April 2010
Volume 51, Issue 13
ARVO Annual Meeting Abstract  |   April 2010
Genetic Data Suggest a Novel Association Between the Vitamin D Pathway and Neovascular Age-Related Macular Degeneration
Author Affiliations & Notes
  • A. C. Silveira
    Ophthalmology, Massachusetts Eye and Ear Infirmary, Boston, Massachusetts
  • M. A. Morrison
    Ophthalmology, Massachusetts Eye & Ear Infirmary, Boston, Massachusetts
  • J. W. Miller
    Ophthalmology, Harvard Medical School, Boston, Massachusetts
  • I. K. Kim
    Ophthalmology, Massachusetts Eye & Ear Infirmary, Boston, Massachusetts
  • D. A. Schaumberg
    Preventive Med 3rd F, Brigham & Womens Hosp/Harvard, Boston, Massachusetts
  • B. W. Hollis
    Pediatric Nutritional Sciences, Medical University of South Carolina, Charleston, South Carolina
  • R. Chen
    Molecular and Human Genetics, Baylor College of Medicine, Houston, Texas
  • G. S. Hageman
    Ophthalmology & Visual Sciences, University of Iowa Hospitals & Clinics, Coralville, Iowa
  • M. M. DeAngelis
    Dept of Ophthalmology, Mass Eye & Ear Infirmary, Boston, Massachusetts
  • Footnotes
    Commercial Relationships  A.C. Silveira, None; M.A. Morrison, None; J.W. Miller, None; I.K. Kim, None; D.A. Schaumberg, None; B.W. Hollis, None; R. Chen, None; G.S. Hageman, None; M.M. DeAngelis, None.
  • Footnotes
    Support  The Lincy Foundation, the Knight AMD Fund, the Mass. Lions, Friends of the MEEI, Genetics of AMD Fund, Research to Prevent Blindness, NIH grants EY014458, EY14104, and EY017362.
Investigative Ophthalmology & Visual Science April 2010, Vol.51, 2478. doi:https://doi.org/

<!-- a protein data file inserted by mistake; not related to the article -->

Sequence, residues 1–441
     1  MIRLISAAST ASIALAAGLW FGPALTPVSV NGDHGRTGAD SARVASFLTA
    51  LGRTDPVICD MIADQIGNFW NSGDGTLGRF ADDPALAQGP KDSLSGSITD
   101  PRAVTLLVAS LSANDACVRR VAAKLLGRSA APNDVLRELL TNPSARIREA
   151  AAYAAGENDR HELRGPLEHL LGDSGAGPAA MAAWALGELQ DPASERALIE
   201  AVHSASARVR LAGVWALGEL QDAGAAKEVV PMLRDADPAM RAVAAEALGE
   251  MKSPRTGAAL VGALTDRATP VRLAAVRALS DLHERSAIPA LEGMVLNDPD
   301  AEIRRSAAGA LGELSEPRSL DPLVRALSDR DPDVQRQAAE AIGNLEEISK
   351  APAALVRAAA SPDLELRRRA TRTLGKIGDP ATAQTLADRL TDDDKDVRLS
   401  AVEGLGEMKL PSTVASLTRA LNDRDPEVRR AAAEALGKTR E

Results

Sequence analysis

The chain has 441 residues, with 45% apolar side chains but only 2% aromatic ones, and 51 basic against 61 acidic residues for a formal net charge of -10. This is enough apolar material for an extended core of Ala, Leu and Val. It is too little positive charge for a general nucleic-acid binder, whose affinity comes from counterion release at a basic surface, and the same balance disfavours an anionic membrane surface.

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      A. C. Silveira, M. A. Morrison, J. W. Miller, I. K. Kim, D. A. Schaumberg, B. W. Hollis, R. Chen, G. S. Hageman, M. M. DeAngelis; Genetic Data Suggest a Novel Association Between the Vitamin D Pathway and Neovascular Age-Related Macular Degeneration. Invest. Ophthalmol. Vis. Sci. 2010;51(13):2478. doi: https://doi.org/.

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      © ARVO (1962-2015); The Authors (2016-present)

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Purpose: : Preliminary data from our laboratory suggest a protective role for lifetime UV exposure in susceptibility to age-related macular degeneration (AMD). Thus, we evaluated the genetic contribution of variation in vitamin D pathway genes and serum vitamin D levels to neovascular AMD.

Methods: : Fifty-nine tagging SNPs in the vitamin D metabolism pathway genes VDR, CYP27B1, CYP24A1, and CYP27A1 were genotyped in 135 extremely discordant sibling pairs (>50 years of age) where one sibling had neovascular disease and the other sibling was AMD-free. Single SNPs and haplotypes were tested for association using FBAT. Haplotypes were constructed in a backwards step-wise selection method with SNPs that were p<0.12. Significant variation was tested for interaction with CFH, ARMS2/HTRA1, and smoking. A subset of 50 pairs from this cohort were ascertained for vitamin D serum levels.

Results: : Sera analyses showed a slight trend of higher vitamin D levels in unaffected siblings. After controlling for age, sex, smoking, CFH, and ARMS2/HTRA1 only variation in CYP24A1 influenced AMD risk. After permutation testing, the most significantly associated haplotype increased risk for neovascular AMD (p = 2 x 10-5). No interaction was found between variation in CYP24A1 and CFH, ARMS2/HTRA1, and smoking.

Conclusions: : This is the first report that demonstrates a genetic association between the vitamin D pathway gene CYP24A1 and neovascular AMD. Based on the slight trend towards higher serum vitamin D levels in unaffected patients, vitamin D serum levels are being assayed in an expanded cohort. Studies utilizing next generation sequencing technology to pinpoint disease causality with subsequent validation in unrelated case-control and prospectively based nested case-control cohorts are ongoing.

Keywords: age-related macular degeneration • clinical (human) or epidemiologic studies: risk factor assessment • gene screening 

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